Concurrent Chemoradiotherapy with, Gemcitabine

Even though several phase I and II studies, have investigated gemcitabine-based, radiochemotherapy, it has not yet been, possible to establish a defined regimen either, with respect to the dose and administration of, gemcitabine or with regard to the treatment, volume, fractionation and cumulative dose of, radiation. The most common form of, administration has been a weekly infusion of, 30 minutes duration; at the same time, a, twice-weekly application [31] or the, application of a 24-hour continuous infusion, [32] have also been investigated. Weekly, doses of up to 600 mg/m2 have been used, when conventional single radiation doses, were administered. In addition, the more toxic, combinations with 5-FU, cisplatin, or, mitomycin C have also been described (Table 2).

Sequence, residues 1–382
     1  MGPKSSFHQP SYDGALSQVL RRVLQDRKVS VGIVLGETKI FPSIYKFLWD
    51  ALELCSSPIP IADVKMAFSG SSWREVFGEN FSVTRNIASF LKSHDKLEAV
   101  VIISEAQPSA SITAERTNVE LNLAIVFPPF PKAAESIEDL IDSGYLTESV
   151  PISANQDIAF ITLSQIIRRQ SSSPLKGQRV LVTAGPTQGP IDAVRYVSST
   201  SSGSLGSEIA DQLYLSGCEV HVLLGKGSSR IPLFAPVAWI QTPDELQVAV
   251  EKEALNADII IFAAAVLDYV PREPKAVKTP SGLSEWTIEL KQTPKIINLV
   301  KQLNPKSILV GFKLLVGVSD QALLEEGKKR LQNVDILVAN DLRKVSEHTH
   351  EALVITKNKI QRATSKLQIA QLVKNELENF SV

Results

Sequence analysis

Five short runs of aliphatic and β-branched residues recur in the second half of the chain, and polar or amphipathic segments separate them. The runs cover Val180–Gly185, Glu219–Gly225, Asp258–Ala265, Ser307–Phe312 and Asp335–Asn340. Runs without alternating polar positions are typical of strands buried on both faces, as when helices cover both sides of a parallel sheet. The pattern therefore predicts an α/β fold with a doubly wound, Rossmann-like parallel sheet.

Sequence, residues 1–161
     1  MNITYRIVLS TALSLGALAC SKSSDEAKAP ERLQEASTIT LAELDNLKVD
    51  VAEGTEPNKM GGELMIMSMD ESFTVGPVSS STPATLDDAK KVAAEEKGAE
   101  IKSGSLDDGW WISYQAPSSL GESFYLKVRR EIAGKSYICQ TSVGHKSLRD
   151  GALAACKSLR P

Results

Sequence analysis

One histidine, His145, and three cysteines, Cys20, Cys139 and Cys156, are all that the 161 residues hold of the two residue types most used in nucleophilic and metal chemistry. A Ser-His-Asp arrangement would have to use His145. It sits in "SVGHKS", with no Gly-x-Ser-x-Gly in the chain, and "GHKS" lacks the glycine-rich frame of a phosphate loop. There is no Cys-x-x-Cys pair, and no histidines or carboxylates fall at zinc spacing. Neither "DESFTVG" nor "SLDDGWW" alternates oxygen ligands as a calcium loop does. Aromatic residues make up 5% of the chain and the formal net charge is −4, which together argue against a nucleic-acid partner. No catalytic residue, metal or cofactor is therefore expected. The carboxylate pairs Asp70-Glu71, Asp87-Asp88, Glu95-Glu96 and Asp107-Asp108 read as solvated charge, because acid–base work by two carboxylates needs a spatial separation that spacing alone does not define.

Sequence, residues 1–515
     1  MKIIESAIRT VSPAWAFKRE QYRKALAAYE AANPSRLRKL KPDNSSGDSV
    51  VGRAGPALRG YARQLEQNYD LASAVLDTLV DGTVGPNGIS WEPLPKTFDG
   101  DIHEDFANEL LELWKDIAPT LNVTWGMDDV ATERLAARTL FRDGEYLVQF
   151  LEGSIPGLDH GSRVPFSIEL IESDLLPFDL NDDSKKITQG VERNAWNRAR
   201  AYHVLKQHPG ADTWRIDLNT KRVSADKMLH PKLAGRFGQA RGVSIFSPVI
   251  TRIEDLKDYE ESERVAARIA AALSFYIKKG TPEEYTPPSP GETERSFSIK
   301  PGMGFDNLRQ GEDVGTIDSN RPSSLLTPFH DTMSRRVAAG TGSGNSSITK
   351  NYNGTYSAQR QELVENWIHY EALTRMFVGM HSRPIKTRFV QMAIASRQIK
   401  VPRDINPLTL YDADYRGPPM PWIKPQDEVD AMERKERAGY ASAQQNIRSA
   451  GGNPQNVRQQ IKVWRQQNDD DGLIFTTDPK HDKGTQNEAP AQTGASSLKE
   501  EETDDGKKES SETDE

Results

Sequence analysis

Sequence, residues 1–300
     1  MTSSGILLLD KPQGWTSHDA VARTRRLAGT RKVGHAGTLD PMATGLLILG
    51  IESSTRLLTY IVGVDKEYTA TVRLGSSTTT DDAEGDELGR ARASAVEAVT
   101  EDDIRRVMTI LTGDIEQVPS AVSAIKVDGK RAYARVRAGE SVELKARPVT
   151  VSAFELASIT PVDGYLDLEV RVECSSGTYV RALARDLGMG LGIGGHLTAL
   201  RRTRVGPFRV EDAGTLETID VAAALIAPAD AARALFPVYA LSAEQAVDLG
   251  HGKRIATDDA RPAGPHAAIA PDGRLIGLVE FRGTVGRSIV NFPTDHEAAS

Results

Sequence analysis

Table

Concurrent radiotherapy has been most, frequently administered in conventional, fractionation with total doses of 40.0 to 50.4, Gy, whereas the use of hypofractionated (3x8, Gy) [33], accelerated (10x3 Gy) [34] or, hyperfractionated regimens is also reported, [35].

Therefore, it has to be emphasized that, in, concurrent chemoradiotherapy, either the dose, of gemcitabine or the radiation dose needs to, be reduced. Otherwise, severe gastrointestinal, complications such as ulceration or, hemorrhage may be encountered, specifically, when using fractions greater than 2.2-2.4 Gy, [33, 34]. Increasing the weekly gemcitabine, dose may also cause considerable gastrointestinal side effects. For weekly doses, of up to 300 mg/m2, only moderate, gastrointestinal complaints such as vomiting, and nausea have been reported, rising, considerably when the gemcitabine dose was, increased to weekly doses equal to 400 mg/m2, or more [36, 37,38].